July 15, 2005
Rocky Mountain High
by David A. Zimmerman
I’ve heard of mountaintop experiences for years now, but I think I finally get what people are talking about.
“Mountaintop experiences” in religious jargon refers to the sense of awe that we experience when we’re away from our normal context and being exposed to challenging concepts about God and his call on our lives. Or something like that. Whatever they are, they’re fundamentally different from our ordinary experience.
My most recent mountaintop experience was in Vail, Colorado, at the national gathering of an organization called the Vine. I interacted with lots of really smart, really deep people interested in “building the City of God” or, if that’s too churchy for you, “infusing our contemporary context with Jesus’ vision for community life.” Either way, I found myself breathless after nearly every conversation, and near-delirious after every session of communal worship.
In the interest of intellectual honesty and full disclosure, however, I should mention that I also found myself breathless after climbing a flight of stairs or even simply walking from the coffee bar to the dinner table. And I found myself near-delirious after lifting my suitcase from the floor to the bed.
This is Vail, people—I was uphill from Denver, “the mile-high city.” And while that may sound insignificant to people who live among hills, for me this was more than a mile higher than I’ve been for an extended period of time ever in my life. I’m from Illinois, and before that from Iowa, both of which are known for their flatness. The air in Vail is quite a bit thinner than the air in Chicago, and so I was oxygen-deprived for most of the duration of the conference.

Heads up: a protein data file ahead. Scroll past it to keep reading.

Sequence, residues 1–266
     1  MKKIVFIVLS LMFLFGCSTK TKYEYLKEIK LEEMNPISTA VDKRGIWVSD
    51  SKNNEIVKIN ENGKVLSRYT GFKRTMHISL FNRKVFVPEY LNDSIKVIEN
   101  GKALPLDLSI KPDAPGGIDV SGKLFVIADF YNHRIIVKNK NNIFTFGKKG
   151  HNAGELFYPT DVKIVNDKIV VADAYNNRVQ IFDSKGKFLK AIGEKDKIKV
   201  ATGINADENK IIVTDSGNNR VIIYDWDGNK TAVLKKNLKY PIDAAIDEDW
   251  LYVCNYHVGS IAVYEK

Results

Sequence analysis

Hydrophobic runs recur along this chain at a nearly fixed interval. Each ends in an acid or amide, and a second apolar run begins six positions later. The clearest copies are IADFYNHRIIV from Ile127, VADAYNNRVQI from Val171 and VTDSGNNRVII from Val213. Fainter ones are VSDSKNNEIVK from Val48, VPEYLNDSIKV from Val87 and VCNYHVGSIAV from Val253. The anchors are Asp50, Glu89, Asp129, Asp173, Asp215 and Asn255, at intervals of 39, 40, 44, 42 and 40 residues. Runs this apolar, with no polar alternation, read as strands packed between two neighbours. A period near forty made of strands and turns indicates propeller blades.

Along with my breathless delirium, I was also quite often shocked by the things I was hearing from the podium or the panel. But more often than that I was shocked by the elevator button or the metal doorframe or even my keycard as I slid it into the lock on my hotel room. The air is so dry in Vail this time of year that it’s effectively ready to zap you at a moment’s notice.
So what’s a person to think when they’re at a religious gathering and constantly breathless, delirious and charged with electricity? I’m reminded of the swoon, an experience associated with the Second Great Awakening of the early 1800s. I wrote a song about it once. People would hear sermons and faint—and this wasn’t the falling-asleep kind of swooning that goes on in our own day. Some liken the phenomenon to the bewildering experiences of early Christians in the biblical book of Acts; some attribute the swoon to some kind of social psychology. I’m willing to imagine it a bit of both and leave it at that.
In any event, I’m cynical and perhaps humble enough to be skeptical of the mountaintop experience, particularly now that I’m safely back in the eastern suburbs of the Great Plains. Breathlessness and delirium and shock certainly have their place in the life of faith, but day in and day out I’m going to have to walk by faith in plain old Illinois, which, even though it’s flat, carries its own charge with it.